Ride Home Media Raises $1M To Build “Summary-As-A-Service” Podcast Network

It’s said by some that the riches are in the niches, and Ride Home Media is making a bet on short-form podcasts which summarize the news of the day in a particular subject area. “TLDR as a Service,” co-founder and chief executive Brian McCullough calls it.

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The company itself may be only six months old, but it’s made sufficient progress to attract investment as it seeks to scale its offering of shows. Today, the company announced that it’s secured $1 million in seed funding from Tiny Capital, a boutique technology investor and holding company which acquired and operates the Castro podcasting app, and has backed other podcast (and podcast-adjacent) companies like SuperCast and DoubleUp. Ride Home Media is valued at $3.8 million following the transaction; McCullough told Crunchbase News that, at this time, the company’s board remains unchanged.

You too could make a decent living talking about stuff on the internet, if you do it on the daily. McCullough wrote in an email that “the economics of a daily podcast are such that one person can helm a show and earn deep into the six figures per year,” with a modestly sized audience. McCullough reckons that “an audience of maybe 30k listeners” is enough to make a decent stream of revenue for all involved: the host, the support staff, and the media venture which takes care of the heavy lifting.

Here’s the thing about making media online: it doesn’t cost much to get started, but getting noticed and accruing enough of a following to make a living at it takes an ounce of talent and a pound of persistence. Without an existing platform of their own, independent creators have to factor in a ton of luck as well.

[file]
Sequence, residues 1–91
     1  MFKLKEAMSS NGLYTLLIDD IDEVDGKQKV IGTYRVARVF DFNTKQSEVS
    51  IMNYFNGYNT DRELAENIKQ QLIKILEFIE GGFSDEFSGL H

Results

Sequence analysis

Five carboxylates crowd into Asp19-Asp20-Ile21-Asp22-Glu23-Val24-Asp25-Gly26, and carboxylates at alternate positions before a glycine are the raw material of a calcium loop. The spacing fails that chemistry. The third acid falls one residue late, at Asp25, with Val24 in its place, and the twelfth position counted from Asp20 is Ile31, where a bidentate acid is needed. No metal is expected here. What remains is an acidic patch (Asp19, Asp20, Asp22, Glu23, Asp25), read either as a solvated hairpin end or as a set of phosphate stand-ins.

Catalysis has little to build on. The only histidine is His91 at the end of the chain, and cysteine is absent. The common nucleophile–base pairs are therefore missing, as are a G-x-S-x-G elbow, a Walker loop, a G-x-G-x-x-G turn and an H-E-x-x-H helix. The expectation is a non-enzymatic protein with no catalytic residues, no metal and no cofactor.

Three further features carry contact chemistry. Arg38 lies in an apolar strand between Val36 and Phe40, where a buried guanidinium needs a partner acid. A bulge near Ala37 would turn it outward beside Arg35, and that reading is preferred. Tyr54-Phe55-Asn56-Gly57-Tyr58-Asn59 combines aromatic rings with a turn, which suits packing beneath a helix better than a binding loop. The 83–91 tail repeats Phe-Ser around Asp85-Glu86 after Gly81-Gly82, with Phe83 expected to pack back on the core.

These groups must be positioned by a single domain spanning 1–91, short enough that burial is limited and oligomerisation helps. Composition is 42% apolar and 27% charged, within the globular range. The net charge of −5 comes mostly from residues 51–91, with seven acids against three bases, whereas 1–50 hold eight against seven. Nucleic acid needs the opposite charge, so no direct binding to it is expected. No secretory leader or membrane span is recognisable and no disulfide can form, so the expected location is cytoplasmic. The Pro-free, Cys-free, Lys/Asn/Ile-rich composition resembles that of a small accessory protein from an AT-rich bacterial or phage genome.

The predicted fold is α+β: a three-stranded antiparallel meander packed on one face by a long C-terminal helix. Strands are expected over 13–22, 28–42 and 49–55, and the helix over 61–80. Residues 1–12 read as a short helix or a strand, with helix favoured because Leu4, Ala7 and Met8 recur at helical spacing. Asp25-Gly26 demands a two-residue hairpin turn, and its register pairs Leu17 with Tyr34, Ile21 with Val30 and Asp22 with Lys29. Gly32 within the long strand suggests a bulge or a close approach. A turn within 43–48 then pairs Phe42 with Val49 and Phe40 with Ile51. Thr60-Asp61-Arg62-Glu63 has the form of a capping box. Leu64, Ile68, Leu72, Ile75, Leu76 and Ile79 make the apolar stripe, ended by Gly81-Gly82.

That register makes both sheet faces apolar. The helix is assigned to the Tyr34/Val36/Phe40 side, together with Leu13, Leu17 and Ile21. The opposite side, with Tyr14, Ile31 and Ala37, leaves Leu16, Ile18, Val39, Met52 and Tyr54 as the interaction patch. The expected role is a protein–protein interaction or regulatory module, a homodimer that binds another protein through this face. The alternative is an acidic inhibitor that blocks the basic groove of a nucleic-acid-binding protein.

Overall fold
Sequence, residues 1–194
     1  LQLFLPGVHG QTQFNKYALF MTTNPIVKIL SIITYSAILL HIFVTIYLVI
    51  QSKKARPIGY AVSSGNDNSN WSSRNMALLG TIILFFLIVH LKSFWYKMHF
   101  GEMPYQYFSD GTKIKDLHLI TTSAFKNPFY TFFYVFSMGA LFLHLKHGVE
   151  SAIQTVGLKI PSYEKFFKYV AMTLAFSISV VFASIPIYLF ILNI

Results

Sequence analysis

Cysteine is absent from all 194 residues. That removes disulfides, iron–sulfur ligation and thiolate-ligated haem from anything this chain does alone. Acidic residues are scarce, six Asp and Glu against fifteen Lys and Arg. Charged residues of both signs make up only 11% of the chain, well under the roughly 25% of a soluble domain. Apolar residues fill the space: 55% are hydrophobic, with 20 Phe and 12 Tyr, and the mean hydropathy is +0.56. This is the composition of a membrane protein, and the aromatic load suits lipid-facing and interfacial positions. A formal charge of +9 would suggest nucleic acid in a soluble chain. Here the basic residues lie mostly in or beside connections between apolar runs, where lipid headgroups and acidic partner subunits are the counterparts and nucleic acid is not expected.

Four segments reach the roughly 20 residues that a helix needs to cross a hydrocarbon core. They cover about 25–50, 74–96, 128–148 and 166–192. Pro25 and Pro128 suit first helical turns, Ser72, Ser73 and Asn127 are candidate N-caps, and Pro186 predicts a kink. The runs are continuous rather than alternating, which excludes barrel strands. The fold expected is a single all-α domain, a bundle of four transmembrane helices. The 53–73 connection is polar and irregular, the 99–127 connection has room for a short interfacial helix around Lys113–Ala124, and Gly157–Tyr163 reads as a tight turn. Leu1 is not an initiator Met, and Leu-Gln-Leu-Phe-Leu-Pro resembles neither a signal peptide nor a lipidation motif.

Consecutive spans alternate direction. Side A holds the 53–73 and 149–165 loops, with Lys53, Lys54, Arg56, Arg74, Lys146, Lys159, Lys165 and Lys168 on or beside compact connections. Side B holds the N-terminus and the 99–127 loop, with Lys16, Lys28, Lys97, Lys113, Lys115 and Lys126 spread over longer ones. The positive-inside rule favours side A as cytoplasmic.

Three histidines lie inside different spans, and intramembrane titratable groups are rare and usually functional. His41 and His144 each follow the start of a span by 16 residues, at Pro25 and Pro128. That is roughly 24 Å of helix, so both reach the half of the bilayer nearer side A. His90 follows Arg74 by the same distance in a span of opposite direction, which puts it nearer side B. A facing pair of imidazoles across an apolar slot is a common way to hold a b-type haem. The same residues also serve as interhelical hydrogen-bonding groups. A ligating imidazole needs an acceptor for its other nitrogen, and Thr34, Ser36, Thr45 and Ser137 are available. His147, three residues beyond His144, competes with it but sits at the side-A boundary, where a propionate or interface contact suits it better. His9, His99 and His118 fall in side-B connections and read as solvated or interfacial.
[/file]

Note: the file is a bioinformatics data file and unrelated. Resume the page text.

To start a podcast, for example, requires a recording device (heck, a decent modern smartphone will do in a pinch), some audio editing software (which probably came pre-installed on your computer), an audio hosting account (probably less than $20 per month if you’re just getting started), and sufficient time and intention to produce an engaging product on a somewhat consistent basis. But unless you already have a sizable online following, it’s likely that your only listeners will be your family, close friends, and a couple of random folks that came upon it by happenstance, at least for awhile.

Working with an online media company helps to circumvent the biggest challenge creators face—getting discovered—alongside the tedium of securing sponsorships and ensuring their work is distributed far and wide.

McCullough and his co-founder James Welsh are no strangers to podcasting and media production. Welsh was co-founder of U.K.-based media property Digital Spy and previously served as the vice president of Hearst’s digital platform efforts. McCullough, for his part, has been in the podcasting game for years. I–full disclosure–became a fan of his work in 2015, when I binged through the earliest episodes of his Internet History Podcast, and kept listening. From the start of that podcast, McCullough stated his goal was to record the raw material for a book about the history of the internet. “How The Internet Happened” was published in 2018.

Ride Home Media’s first podcast is produced in collaboration with TechMeme, the popular technology news aggregation website. The format: episodes between 20 and 30 minutes in length, published right before the evening rush hour (Eastern time), containing a survey and analysis of the biggest tech news stories of the day. TechMeme Ride Home sits alongside politically-focused Election Ride Home (covering, you guessed it, the ongoing U.S. election saga) and Celeb News Ride Home, which the media company launched today in conjunction with its funding announcement.

McCullough is convinced the model can be replicated across a number of different verticals. “Very probably a Gamer Ride Home, Media Ride Home and Money & Markets Ride Home are next on our slate,” he wrote in an email. “But we very much will go where the talent leads us. We got pitched on a Sneaker News Ride Home, and that’s not an insane idea. Any topic niche where there’s enough news and enough of a committed audience is something we will consider.”

Ride Home Media is currently taking suggestions for new shows. “We want to get the word out to any and all writers in any and all topic spaces: pitch us show ideas! Become a trusted, daily voice in your area of expertise and make a good living doing it,” said McCullough.

Illustration: Li-Anne Dias

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